Search Journal-type in search term and press enter
Social Media-Follow Southwest Journal of Pulmonary and Critical Care on Facebook and Twitter

News

Last 50 News Postings

 (Click on title to be directed to posting, most recent listed first)

FDA Commissioner Gottlieb Resigns
Physicians Generate an Average $2.4 Million a Year Per Hospital
Drug Prices Continue to Rise
New Center for Physician Rights
CMS Decreases Clinic Visit Payments to Hospital-Employed Physicians
   and Expands Decreases in Drug Payments 340B Cuts
Big Pharma Gives Millions to Congress
Gilbert Hospital and Florence Hospital at Anthem Closed
CMS’ Star Ratings Miscalculated
VA Announces Aggressive New Approach to Produce Rapid Improvements
   in VA Medical Centers
Healthcare Payments Under the Budget Deal: Mostly Good News
   for Physicians
Hospitals Plan to Start Their Own Generic Drug Company
Flu Season and Trehalose
MedPAC Votes to Scrap MIPS
CMS Announces New Payment Model
Varenicline (Chantix®) Associated with Increased Cardiovascular Events
Tax Cuts Could Threaten Physicians
Trump Nominates Former Pharmaceutical Executive as HHS Secretary
Arizona Averages Over 25 Opioid Overdoses Per Day
Maryvale Hospital to Close
California Enacts Drug Pricing Transparency Bill
Senate Health Bill Lacks 50 Votes Needed to Proceed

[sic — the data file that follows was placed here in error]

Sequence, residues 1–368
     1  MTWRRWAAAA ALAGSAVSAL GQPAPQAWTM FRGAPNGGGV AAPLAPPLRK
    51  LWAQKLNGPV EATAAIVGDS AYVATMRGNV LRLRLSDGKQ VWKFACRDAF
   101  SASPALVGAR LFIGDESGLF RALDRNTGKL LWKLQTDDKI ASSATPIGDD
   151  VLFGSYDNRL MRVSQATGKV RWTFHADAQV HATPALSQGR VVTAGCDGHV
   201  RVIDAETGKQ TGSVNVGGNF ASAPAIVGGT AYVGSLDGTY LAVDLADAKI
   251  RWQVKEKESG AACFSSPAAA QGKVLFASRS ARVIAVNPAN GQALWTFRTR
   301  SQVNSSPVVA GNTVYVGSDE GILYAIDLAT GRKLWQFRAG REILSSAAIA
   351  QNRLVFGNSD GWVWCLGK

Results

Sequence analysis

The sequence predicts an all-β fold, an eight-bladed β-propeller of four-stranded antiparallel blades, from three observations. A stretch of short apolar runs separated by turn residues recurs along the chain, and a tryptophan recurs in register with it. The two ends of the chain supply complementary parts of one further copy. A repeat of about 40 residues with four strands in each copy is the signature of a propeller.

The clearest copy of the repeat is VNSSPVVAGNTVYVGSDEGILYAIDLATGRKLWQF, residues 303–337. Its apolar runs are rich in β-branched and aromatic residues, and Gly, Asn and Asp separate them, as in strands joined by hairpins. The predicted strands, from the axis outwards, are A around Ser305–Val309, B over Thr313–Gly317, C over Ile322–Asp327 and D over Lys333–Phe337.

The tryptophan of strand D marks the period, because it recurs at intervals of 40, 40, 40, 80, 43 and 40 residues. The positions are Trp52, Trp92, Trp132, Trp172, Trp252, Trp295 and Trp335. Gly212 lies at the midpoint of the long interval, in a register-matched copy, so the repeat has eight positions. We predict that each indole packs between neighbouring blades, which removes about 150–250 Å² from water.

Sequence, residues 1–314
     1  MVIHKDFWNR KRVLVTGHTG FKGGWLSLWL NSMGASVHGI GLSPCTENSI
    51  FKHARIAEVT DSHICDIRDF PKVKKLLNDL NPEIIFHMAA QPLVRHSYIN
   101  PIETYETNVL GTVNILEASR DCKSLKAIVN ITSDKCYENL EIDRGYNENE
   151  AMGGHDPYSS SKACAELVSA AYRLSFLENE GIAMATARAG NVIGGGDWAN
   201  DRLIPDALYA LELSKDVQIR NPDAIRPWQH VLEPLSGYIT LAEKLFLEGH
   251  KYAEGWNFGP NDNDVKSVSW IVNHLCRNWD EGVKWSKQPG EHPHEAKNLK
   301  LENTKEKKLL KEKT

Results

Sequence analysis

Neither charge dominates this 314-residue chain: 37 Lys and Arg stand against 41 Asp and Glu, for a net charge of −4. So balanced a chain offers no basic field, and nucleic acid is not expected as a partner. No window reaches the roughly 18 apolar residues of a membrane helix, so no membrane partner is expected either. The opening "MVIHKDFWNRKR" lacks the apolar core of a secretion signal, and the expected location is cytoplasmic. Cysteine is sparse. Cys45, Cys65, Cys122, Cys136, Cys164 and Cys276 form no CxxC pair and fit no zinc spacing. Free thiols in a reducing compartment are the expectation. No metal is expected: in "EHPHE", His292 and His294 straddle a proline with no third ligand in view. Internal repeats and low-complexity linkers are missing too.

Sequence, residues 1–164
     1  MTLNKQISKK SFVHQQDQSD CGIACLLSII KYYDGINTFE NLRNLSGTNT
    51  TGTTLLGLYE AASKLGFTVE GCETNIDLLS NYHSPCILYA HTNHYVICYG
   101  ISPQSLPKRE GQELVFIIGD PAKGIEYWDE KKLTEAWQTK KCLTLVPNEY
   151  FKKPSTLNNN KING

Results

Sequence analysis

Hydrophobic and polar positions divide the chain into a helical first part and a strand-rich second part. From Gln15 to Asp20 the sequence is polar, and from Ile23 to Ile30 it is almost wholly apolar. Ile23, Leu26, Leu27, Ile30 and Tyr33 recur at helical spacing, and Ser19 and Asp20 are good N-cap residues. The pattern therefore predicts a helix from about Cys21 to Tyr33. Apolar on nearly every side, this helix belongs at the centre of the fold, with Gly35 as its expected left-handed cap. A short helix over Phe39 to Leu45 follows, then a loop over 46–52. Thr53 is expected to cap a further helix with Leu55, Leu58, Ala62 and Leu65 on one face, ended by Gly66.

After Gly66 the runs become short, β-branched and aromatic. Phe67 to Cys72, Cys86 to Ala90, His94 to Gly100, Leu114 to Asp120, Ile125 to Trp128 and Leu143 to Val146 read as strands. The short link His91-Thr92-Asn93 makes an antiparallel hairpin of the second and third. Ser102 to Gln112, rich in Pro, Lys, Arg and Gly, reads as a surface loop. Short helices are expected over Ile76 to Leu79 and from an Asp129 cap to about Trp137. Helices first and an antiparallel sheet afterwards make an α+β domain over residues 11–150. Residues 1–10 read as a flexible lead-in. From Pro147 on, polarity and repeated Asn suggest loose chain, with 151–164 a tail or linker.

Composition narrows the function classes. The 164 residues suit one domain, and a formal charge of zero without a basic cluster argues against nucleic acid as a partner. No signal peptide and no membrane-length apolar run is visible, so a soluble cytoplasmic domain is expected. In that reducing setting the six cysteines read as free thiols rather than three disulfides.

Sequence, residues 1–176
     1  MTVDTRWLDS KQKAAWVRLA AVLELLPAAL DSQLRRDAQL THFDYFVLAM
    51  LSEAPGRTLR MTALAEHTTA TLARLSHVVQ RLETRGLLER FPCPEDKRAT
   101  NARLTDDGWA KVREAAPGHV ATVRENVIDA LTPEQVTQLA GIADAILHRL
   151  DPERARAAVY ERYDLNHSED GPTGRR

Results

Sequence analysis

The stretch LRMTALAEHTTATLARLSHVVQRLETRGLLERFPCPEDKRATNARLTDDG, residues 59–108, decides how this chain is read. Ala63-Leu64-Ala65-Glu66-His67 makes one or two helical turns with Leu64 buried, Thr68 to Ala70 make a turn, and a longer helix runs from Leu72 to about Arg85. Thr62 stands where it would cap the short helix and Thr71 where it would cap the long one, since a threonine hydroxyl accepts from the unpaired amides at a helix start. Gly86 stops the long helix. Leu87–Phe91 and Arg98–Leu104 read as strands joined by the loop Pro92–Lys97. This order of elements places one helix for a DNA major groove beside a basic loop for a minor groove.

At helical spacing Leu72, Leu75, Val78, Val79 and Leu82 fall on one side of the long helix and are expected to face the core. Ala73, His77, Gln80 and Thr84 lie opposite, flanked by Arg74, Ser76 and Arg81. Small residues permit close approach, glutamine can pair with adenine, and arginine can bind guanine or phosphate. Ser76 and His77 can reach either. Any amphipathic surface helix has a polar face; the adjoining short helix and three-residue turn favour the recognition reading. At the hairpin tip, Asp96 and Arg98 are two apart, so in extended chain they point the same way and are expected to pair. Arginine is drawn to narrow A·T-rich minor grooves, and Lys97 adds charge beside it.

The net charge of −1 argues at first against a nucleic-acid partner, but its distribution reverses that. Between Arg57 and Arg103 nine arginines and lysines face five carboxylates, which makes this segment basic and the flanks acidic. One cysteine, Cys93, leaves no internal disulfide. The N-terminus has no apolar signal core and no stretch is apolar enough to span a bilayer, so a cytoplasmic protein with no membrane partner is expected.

Medi-Cal Blamed for Poor Care in Lawsuit
Senate Republican Leadership Releases Revised ACA Repeal and Replace Bill
Mortality Rate Will Likely Increase Under Senate Healthcare Bill
University of Arizona-Phoenix Receives Full Accreditation
Limited Choice of Obamacare Insurers in Some Parts of the Southwest
Gottlieb, the FDA and Dumbing Down Medicine
Salary Surveys Report Declines in Pulmonologist, Allergist and Nurse 
   Incomes
CDC Releases Ventilator-Associated Events Criteria
Medicare Bundled Payment Initiative Did Not Reduce COPD Readmissions
Younger Smokers Continue to Smoke as Adults: Implications for Raising the
   Smoking Age to 21
Most Drug Overdose Deaths from Nonprescription Opioids
Lawsuits Allege Price Fixing by Generic Drug Makers
Knox Named Phoenix Associate Dean of Faculty Affairs
Rating the VA Hospitals
Garcia Resigns as Arizona University VP
Combination Influenza Therapy with Clarithromycin-Naproxen-Oseltamivir
   Superior to Oseltamivir Alone
VAP Rates Unchanged
ABIM Overhauling MOC
Substitution of Assistants for Nurses Increases Mortality, Decreases Quality
CMS Releases Data on Drug Spending
Trump Proposes Initial Healthcare Agenda
Election Results of Southwest Ballot Measures Affecting Healthcare
Southwest Ballot Measures Affecting Healthcare
ACGME Proposes Dropping the 16 Hour Resident Shift Limit
Non-Small Cell Lung Cancer: RT Out, Pembrolizumab In, and Vaccine
   Hope or Hype
Dental Visits May Prevent Pneumonia

 

For an excel file with complete news listings click here.